Effects of straw, sawdust and sand bedding on dairy manure composting

Frederick C. Michel, Harold M. Keener, Jerome Rigot, Tom Wilkinson, John Andrew Pecchia

Research output: Chapter in Book/Report/Conference proceedingConference contribution

3 Citations (Scopus)

Abstract

Composting is an increasingly popular manure management tool for dairies. However, there is little information on the effects of common amendment and bedding types (straw, sawdust and sand) on windrow size, mass, volume, dry matter, and nitrogen losses during composting. In this study, straw, sawdust and sand bedded dairy manures were amended with either sawdust or straw and composted on multiple occasions. Results showed that starting windrow volumes for straw amended composts were 2.1 to 2.6 times greater than for sawdust windrows. Straw amended composts had lower initial bulk densities and temperatures, higher free air space values (75-93%), and near ambient interstitial oxygen concentrations during composting as compared to sawdust amended composts. Sand bedding resulted in greater compost densities, less weight loss and >50% more final compost on a per cow basis. All sawdust-amended composts self-heated to >55°C within 10 days. Sawdust composts without sand maintained these levels for more than 60 days meeting pathogen reduction guidelines. However, none of the straw-amended or sand bedded sawdust amended composts met the guidelines. All of the composts were stable after 100 days and exhibited manure volume and weight reductions relative to the initial manure. Initial compost C:N ratios ranged from 25:1 to 50:1 and the manure nitrogen lost during composting ranged from 2% to 38%. There was a negative correlation between initial compost C:N ratio and nitrogen loss (R 2=0.59). An initial C:N ratio of greater than 40 resulted in nitrogen losses less than 10% during dairy manure composting with all three bedding types.

Original languageEnglish (US)
Title of host publicationASAE Annual International Meeting 2004
Pages4669-4682
Number of pages14
StatePublished - 2004
EventASAE Annual International Meeting 2004 - Ottawa, ON, Canada
Duration: Aug 1 2004Aug 4 2004

Other

OtherASAE Annual International Meeting 2004
CountryCanada
CityOttawa, ON
Period8/1/048/4/04

Fingerprint

Sawdust
Composting
Dairies
Manures
Straw
Sand
Nitrogen
Pathogens
Oxygen
Air

All Science Journal Classification (ASJC) codes

  • Engineering(all)

Cite this

Michel, F. C., Keener, H. M., Rigot, J., Wilkinson, T., & Pecchia, J. A. (2004). Effects of straw, sawdust and sand bedding on dairy manure composting. In ASAE Annual International Meeting 2004 (pp. 4669-4682)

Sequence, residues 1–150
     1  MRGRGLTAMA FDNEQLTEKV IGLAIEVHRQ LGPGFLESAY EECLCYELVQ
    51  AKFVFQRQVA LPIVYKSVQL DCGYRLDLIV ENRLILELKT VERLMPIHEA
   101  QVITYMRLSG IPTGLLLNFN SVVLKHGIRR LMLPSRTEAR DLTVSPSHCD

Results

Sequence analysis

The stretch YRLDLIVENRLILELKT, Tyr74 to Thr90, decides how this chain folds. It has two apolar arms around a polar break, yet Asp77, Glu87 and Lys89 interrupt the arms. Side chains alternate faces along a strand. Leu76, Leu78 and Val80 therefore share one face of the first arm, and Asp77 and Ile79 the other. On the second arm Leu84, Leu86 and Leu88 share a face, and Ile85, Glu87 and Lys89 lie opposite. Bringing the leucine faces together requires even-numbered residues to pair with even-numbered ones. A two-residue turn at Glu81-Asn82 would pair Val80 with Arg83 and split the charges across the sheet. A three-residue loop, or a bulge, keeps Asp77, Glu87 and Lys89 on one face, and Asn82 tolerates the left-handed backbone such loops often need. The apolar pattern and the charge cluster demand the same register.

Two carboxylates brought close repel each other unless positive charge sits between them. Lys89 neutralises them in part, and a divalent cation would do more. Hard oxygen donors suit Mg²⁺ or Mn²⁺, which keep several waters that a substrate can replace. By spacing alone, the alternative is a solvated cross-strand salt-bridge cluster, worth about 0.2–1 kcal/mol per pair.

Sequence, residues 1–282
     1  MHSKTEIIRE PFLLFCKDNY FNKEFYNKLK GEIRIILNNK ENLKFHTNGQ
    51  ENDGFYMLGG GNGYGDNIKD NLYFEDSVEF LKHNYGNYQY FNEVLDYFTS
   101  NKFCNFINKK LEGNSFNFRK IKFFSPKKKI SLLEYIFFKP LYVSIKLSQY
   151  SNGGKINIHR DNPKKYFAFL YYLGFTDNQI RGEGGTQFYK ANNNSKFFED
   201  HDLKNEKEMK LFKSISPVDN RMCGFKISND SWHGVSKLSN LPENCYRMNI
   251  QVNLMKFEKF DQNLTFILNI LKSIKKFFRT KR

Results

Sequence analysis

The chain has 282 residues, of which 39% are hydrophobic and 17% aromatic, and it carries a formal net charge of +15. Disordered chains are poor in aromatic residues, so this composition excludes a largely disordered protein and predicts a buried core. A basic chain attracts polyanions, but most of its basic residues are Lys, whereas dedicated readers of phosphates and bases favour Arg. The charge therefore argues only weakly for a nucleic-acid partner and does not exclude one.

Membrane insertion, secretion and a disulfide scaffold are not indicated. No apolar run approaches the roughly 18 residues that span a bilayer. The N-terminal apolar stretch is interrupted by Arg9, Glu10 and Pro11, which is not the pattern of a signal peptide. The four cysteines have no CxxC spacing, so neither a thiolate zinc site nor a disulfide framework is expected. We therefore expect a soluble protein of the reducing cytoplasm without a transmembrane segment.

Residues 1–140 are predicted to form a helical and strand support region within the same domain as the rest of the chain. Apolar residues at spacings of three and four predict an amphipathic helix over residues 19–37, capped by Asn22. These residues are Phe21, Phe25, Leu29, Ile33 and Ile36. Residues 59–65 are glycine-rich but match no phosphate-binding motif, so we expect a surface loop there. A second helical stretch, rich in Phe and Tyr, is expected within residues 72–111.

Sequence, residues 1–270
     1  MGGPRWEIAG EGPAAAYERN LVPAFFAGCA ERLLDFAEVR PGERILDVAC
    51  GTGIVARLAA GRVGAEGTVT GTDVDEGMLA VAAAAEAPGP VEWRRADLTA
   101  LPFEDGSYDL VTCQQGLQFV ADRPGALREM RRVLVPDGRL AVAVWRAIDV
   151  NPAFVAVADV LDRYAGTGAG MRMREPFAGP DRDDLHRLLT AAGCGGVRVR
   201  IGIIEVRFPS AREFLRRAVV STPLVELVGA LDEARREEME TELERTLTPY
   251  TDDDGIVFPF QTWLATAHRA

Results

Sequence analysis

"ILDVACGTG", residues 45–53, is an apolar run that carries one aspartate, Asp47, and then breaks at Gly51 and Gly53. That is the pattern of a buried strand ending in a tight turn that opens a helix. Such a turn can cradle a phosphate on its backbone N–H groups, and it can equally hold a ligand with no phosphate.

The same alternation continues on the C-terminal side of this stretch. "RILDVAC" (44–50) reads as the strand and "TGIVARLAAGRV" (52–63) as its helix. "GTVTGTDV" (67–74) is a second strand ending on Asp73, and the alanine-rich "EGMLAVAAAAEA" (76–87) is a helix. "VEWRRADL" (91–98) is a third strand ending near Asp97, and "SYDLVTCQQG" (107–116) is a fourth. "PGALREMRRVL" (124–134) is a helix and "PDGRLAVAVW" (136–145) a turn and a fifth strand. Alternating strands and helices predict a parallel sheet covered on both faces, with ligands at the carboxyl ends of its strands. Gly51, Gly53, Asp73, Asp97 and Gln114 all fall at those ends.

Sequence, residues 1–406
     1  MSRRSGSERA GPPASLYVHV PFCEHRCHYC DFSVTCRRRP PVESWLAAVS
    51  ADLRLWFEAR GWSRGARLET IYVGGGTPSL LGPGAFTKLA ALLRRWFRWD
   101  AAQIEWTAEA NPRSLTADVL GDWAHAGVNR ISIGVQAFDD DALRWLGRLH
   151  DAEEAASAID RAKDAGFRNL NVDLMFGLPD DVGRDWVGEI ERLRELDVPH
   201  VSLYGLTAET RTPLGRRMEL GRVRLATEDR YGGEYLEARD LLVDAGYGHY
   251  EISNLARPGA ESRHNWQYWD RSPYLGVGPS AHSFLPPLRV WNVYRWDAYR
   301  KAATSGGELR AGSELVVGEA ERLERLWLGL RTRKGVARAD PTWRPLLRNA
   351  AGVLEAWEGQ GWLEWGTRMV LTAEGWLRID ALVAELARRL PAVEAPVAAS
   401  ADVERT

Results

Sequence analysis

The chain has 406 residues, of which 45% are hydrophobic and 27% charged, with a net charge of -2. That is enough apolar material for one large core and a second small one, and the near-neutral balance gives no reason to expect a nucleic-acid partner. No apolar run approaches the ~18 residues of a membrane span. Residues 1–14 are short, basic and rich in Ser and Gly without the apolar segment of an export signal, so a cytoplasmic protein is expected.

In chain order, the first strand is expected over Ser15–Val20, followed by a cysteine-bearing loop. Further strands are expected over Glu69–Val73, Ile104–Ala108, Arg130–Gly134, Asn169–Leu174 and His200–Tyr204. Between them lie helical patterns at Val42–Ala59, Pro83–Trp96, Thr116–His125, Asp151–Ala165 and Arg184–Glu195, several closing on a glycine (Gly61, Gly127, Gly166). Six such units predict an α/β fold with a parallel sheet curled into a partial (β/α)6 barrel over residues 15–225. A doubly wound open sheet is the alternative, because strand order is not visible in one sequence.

Michel, Frederick C. ; Keener, Harold M. ; Rigot, Jerome ; Wilkinson, Tom ; Pecchia, John Andrew. / Effects of straw, sawdust and sand bedding on dairy manure composting. ASAE Annual International Meeting 2004. 2004. pp. 4669-4682
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abstract = "Composting is an increasingly popular manure management tool for dairies. However, there is little information on the effects of common amendment and bedding types (straw, sawdust and sand) on windrow size, mass, volume, dry matter, and nitrogen losses during composting. In this study, straw, sawdust and sand bedded dairy manures were amended with either sawdust or straw and composted on multiple occasions. Results showed that starting windrow volumes for straw amended composts were 2.1 to 2.6 times greater than for sawdust windrows. Straw amended composts had lower initial bulk densities and temperatures, higher free air space values (75-93{\%}), and near ambient interstitial oxygen concentrations during composting as compared to sawdust amended composts. Sand bedding resulted in greater compost densities, less weight loss and >50{\%} more final compost on a per cow basis. All sawdust-amended composts self-heated to >55°C within 10 days. Sawdust composts without sand maintained these levels for more than 60 days meeting pathogen reduction guidelines. However, none of the straw-amended or sand bedded sawdust amended composts met the guidelines. All of the composts were stable after 100 days and exhibited manure volume and weight reductions relative to the initial manure. Initial compost C:N ratios ranged from 25:1 to 50:1 and the manure nitrogen lost during composting ranged from 2{\%} to 38{\%}. There was a negative correlation between initial compost C:N ratio and nitrogen loss (R 2=0.59). An initial C:N ratio of greater than 40 resulted in nitrogen losses less than 10{\%} during dairy manure composting with all three bedding types.",
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Michel, FC, Keener, HM, Rigot, J, Wilkinson, T & Pecchia, JA 2004, Effects of straw, sawdust and sand bedding on dairy manure composting. in ASAE Annual International Meeting 2004. pp. 4669-4682, ASAE Annual International Meeting 2004, Ottawa, ON, Canada, 8/1/04.

Effects of straw, sawdust and sand bedding on dairy manure composting. / Michel, Frederick C.; Keener, Harold M.; Rigot, Jerome; Wilkinson, Tom; Pecchia, John Andrew.

ASAE Annual International Meeting 2004. 2004. p. 4669-4682.

Research output: Chapter in Book/Report/Conference proceedingConference contribution

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Michel FC, Keener HM, Rigot J, Wilkinson T, Pecchia JA. Effects of straw, sawdust and sand bedding on dairy manure composting. In ASAE Annual International Meeting 2004. 2004. p. 4669-4682